Interesting and Thoughtful
Avid Reader | Willow Springs, MO United States | 04/26/2009
(4 out of 5 stars)
"When I first heard the Sci Fi Channel (or as it's soon to be called: Syfy) was going to make a prequel series to Battlestar Galactica I was somewhat hesitant. Not because I was one of those science fiction snobs who thinks the genre can only be about space battles, aliens, and a certain startship that shall remain nameless. No, I was hesitant because I knew the network's history of meddling. The disaster that was season three of BSG can be squarely placed on the shoulders of the network suits. The idea of bringing the history of the colonies to life has the potential to be interesting and thought provoking television. After viewing the finished product recently released on DVD I have to say they've succeeded in many ways.
The story of Caprica takes place "58 years before the fall" of the colonies. At the heart of the story are two families: the Graystones, a wealthy family whose patriarch founded a technology company (a company that inadvertently leads to the downfall of all mankind); and the Adamas, a less-than-wealthy family from the world of Tauron. Joseph Adama, father of the future Admiral Adama (now only an eleven-year-old boy) is attempting to hide his family's ties to Tauron by changing their name to Adams. Both of these families are drawn together by tragedy when Graystone's daughter, Zoe, is killed in a terrorist attack by a monotheistic group along with Joseph Adama's wife and daughter.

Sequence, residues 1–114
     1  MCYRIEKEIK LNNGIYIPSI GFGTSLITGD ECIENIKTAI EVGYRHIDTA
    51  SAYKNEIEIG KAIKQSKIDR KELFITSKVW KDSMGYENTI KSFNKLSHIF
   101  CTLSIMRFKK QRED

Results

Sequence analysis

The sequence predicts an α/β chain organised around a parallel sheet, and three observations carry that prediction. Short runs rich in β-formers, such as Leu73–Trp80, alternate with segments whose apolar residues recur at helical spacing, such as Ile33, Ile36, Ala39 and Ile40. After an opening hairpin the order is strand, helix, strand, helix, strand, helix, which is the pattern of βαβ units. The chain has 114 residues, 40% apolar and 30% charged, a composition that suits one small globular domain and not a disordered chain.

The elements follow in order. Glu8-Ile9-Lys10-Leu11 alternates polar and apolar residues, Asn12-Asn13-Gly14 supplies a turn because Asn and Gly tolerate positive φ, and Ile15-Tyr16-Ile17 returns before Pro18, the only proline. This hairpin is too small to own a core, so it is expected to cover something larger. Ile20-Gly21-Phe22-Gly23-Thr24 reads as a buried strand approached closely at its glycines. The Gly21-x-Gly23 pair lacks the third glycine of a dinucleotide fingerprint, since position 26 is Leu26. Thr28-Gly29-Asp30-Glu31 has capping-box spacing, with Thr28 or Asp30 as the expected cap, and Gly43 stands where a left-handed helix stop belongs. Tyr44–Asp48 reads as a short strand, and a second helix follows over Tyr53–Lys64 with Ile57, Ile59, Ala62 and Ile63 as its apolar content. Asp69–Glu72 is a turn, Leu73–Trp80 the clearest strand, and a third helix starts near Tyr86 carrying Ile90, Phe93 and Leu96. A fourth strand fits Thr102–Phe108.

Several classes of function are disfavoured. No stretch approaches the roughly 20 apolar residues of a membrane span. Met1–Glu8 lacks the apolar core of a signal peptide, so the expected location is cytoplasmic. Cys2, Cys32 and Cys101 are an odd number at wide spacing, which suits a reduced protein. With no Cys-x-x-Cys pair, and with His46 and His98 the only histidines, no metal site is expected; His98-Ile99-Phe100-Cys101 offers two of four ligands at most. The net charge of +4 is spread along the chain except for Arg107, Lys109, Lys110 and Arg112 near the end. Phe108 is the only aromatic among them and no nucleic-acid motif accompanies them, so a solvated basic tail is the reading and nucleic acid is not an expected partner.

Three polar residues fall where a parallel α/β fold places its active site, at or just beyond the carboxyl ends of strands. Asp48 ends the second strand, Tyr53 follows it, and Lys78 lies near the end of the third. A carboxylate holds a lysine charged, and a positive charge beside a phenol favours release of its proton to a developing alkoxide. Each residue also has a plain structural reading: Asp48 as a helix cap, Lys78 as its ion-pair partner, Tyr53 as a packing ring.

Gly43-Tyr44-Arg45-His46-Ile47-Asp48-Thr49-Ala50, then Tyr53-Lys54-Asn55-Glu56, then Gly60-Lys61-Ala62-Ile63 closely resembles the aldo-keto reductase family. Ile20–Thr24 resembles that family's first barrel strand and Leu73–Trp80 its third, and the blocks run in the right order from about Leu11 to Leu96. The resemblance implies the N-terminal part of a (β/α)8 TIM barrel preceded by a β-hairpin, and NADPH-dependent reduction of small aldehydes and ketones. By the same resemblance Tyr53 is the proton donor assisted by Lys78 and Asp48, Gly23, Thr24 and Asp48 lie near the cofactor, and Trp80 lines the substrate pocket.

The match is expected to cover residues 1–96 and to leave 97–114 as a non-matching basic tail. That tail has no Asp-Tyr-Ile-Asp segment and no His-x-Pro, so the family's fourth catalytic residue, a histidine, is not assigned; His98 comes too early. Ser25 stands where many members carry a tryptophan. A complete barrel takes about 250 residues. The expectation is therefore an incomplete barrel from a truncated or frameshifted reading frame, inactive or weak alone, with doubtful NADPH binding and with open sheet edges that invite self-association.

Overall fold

By accident, Graystone discovers that his daughter created a fully functional avatar in a virtual world where she and her friends, along with the youth of Caprica, go to escape their mundane world. Using his daughter's work and a piece of stolen technology, Graystone downloads Zoe into a robotic form his company is working on for the Defense Ministry. This scene alone is one of the most eerie of the entire episode. As you watch Zoe attempt to get comfortable with her new metal body and see the look on Daniel Graystone's face as he watches, it's like seeing a father witnessing the birth of his child. Very Frankenstein-esque.